“No Left Bone Flap” reads a sign above Magomed Abdusalamov, who used to be a sturdy-looking man, with exemplary posture and a collection of muscles that suggested he put them to use frequently and successfully. He's lying in a bed at Roosevelt Hospital, in Manhattan, in the space reserved for patients who have suffered neurological damage.
There is a considerable indentation in Mago’s skull on that left side, which his younger brother Abdusalam avoids as he presses his left hand to his older brother’s brow, to check for fever.
It is 46 days since Mago, a Russian born and bred heavyweight boxer, stepped into the ring at the Madison Square Garden Theater in Manhattan against Cuban Mike Perez and left a changed man.
Today, Mago, 32 years old, lies in a bed at Roosevelt, which has a trauma center, the one Mago was rushed to when he began to vomit. It was not that long after losing a 10-round unanimous decision to Perez.
Mago very nearly lost his life. There is hope he will continue to show improvement. So I didn't feel the level of sadness and despair that I had anticipated when I stepped into his room on the neuro unit Wednesday night. I was ushered in by the 28-year-old Abdusalam, who speaks just a bit of English.
I spent a few hours in that room, pondering Mago’s future, and the future of boxing, and left with mixed emotions. Mostly I felt the devotion and purity of love that Mago’s brother showed in that hospital room. It overrode any sorrow or hopelessness that crept into my head.
An old man shared the room with Mago, and there were some cards and flowers next to his bed. Next to Mago’s bed is a helmet hanging on a pole, which also holds the liquid nourishment feeding him intravenously. That helmet will be put to use when he is transferred to a rehab facility in New Jersey perhaps as early as Thursday, where he'll be getting treatment in hopes that he will regain the ability to walk and talk.
No. He'll never fight again.
Mago’s eyes open, intermittently. His chest rises and falls. There is a tube running from his neck to a machine to his right. He is breathing on his own, though, no longer attached to a ventilator. The ventilator was necessary after he arrived at the hospital postfight with a blood clot and subdural hematoma in his brain.
He has lost weight and muscle mass since he showed that warrior physique and resolve, when he was still looking to land that one game-changer left hand in the waning seconds of his fight with Perez. His pupils are fixed on the ceiling, and he swallows.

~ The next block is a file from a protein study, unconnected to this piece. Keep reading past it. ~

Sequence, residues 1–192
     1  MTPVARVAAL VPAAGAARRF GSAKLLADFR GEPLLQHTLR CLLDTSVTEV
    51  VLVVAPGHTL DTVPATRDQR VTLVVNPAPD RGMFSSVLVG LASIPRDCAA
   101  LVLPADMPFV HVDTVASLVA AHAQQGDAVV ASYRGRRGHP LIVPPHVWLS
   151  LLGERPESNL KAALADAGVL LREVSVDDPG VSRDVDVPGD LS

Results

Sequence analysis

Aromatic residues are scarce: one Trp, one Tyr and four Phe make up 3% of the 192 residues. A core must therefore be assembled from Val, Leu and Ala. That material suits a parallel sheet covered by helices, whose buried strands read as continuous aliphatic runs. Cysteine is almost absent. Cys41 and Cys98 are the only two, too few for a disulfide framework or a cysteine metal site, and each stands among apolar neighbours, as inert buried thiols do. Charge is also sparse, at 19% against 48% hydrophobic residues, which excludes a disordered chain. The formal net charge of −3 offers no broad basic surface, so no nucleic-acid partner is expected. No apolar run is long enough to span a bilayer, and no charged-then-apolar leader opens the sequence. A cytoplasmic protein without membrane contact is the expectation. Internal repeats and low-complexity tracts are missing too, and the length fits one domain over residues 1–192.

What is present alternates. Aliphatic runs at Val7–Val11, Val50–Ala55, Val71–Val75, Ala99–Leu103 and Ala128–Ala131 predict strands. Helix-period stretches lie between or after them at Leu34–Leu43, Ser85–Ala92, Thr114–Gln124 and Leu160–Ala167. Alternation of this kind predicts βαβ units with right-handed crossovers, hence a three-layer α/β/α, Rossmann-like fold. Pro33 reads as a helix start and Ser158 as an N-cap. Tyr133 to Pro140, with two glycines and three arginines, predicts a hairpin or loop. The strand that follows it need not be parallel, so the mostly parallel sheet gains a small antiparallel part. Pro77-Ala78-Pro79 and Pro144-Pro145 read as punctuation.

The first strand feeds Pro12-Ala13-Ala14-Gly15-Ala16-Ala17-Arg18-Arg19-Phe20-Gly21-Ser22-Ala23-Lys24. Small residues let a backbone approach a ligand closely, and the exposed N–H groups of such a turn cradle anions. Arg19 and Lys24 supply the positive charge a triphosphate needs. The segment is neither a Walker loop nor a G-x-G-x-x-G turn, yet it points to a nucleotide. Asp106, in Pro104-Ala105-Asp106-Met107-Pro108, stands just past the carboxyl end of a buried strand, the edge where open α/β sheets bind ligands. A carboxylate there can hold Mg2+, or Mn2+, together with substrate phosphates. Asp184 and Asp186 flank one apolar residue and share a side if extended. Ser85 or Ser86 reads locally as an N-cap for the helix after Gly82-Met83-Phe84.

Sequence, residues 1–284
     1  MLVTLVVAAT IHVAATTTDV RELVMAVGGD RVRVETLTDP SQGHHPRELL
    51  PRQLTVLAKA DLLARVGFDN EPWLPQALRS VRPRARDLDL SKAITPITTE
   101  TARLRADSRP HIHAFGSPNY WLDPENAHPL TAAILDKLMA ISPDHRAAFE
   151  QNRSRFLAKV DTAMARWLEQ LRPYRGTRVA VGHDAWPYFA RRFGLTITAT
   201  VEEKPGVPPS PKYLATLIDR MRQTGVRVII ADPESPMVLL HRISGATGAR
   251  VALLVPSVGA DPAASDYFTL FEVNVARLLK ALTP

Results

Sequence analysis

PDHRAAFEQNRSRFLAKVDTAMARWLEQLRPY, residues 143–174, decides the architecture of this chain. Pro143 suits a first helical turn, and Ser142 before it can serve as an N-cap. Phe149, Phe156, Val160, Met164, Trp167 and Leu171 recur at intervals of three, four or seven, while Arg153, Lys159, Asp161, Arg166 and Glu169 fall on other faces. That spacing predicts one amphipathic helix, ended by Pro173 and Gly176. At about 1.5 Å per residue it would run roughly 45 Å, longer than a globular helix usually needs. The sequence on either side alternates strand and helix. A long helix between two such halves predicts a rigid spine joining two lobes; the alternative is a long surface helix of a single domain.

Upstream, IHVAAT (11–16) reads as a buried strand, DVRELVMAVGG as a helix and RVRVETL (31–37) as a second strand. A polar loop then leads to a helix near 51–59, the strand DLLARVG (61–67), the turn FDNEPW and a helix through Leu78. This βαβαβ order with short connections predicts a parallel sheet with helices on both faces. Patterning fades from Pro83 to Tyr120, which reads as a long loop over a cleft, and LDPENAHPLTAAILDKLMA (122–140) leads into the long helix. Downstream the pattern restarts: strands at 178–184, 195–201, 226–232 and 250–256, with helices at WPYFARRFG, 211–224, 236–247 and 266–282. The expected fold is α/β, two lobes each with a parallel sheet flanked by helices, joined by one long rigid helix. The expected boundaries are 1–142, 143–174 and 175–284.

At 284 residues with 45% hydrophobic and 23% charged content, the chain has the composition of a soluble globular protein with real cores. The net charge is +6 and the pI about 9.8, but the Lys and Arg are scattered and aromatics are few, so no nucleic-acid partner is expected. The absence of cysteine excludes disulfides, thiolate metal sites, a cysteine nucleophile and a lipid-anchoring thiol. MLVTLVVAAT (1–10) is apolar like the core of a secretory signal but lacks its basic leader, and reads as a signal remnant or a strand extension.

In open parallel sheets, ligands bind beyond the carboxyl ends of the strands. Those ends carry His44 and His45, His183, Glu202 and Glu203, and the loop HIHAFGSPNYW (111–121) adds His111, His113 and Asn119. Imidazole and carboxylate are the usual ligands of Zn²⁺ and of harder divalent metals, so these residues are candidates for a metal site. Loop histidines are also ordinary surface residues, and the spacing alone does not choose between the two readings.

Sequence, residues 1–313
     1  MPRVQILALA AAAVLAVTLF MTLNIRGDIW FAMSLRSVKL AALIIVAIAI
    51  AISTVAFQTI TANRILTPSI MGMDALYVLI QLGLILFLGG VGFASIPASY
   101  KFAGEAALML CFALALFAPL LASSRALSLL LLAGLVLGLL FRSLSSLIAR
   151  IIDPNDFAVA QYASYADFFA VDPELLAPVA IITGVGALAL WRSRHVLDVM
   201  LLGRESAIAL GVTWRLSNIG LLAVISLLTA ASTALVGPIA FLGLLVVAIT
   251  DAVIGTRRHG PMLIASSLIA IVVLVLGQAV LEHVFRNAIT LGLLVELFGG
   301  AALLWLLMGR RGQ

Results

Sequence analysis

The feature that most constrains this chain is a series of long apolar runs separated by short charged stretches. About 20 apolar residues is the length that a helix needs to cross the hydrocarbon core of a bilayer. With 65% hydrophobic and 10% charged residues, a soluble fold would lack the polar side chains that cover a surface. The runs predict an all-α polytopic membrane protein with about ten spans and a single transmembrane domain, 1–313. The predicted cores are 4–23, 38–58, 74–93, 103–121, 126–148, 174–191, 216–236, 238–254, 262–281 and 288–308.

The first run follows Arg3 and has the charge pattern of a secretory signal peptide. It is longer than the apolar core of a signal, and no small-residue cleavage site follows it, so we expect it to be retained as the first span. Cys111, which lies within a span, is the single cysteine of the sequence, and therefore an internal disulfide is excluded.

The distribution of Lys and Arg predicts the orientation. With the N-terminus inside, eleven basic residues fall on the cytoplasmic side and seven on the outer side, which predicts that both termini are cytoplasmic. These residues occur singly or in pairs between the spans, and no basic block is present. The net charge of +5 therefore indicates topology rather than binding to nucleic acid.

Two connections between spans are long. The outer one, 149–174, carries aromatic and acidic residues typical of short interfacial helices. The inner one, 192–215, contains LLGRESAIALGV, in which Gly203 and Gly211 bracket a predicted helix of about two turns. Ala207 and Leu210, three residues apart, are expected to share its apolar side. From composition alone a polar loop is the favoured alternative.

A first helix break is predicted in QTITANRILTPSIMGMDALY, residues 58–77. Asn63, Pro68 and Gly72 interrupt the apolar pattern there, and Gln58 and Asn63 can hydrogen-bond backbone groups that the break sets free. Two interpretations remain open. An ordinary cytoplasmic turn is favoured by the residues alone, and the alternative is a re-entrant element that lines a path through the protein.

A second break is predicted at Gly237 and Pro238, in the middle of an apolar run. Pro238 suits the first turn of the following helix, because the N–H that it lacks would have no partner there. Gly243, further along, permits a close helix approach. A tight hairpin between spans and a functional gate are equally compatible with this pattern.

Once every 20 or so minutes, the little brother -- there are seven Abdusalamov children, two men and five women -- walks to Mago’s side. With his left hand, he touches the damaged man’s forehead, monitoring his body temperature. During the course of my visit, the brother proves himself to be invested heavily in the care of Mago. Abdusalam, who has boxed but told me he will never again lace on the gloves, doesn’t speak while he takes a tissue smeared with anti-bacterial liquid and wipes Mago’s face. He does so tenderly, the same way he wipes Mago’s lips with another tissue smeared with moisturizing lotion.
“Mago,” he sometimes says to his big bro, testing his response. Mago doesn’t respond, not vocally anyway, though that’s not to say he isn’t aware of things going on in the room. Little brother tells me Mago follows motion with his right pupil, and I am pleased to note I saw Mago follow motion with his left pupil late in my visit, when Abdusalam moved his palm from left to right, in front of Mago’s face, testing the response.
"How are you doing?" I ask the brother early in my visit.
“Sad,” he admits. “Morning, day, night here. Sleep, no.”
Mago’s wife Bakanay visits from Connecticut, where she’s staying with their children, ages 6, 4 and 11 months. The kids haven’t visited Mago. It wouldn’t be right for them to see him in this condition. Abdusalam makes a motion, wiping his eyes with his hand, the universal symbol for weeping. Visiting would be too traumatic for them.
The brother and I make each other understood. The back and forth is aided when he uses an app on his phone to translate from Russian to English. “Mago very much loves his daughters. He never imagined himself in such a situation,” Abdusalam typed. “He always said boxing is my life.”
Now, after the brain damage, his life is not about boxing. But yes, it will still be about fighting. He will need weeks, maybe months, of rehab and the caring soul of a neurologist at Roosevelt. Dr. Rupendra Swarup, director of the neurosurgical ICU, said he is hopeful that Mago will continue to improve.
“He’s going to get better. I’m confident,” Swarup said. “But he will not be the same. He’s going to have neurological deficits.”
The indentation in his head told me that, I guess.
I don’t fall into a depressed state from my visit. I couldn’t, not when I was so awed by Abdusalam. I watch as little bro wipes some oil on his hands, lifts the blanket and begins rubbing it on Mago’s feet. A nurse comes in, observes the caregiving and says, “You’re a good brother.”
Late in the visit, I ask Abdusalam if Mago was a good big brother.
“Very good brother. Brother. Friend.”
In all that time, he never so much as tears up. He admits the experience is rough, but there’s no self-pity in his voice or body language. I am grateful he allowed me in to see Mago and want to give him something in return. “Can I get you something to eat?” I ask, making a fork-to-mouth motion.
“I OK,” he says. “Thank you. I cannot leave brother for a moment.”
You can reach Michael Woods at firstname.lastname@example.org.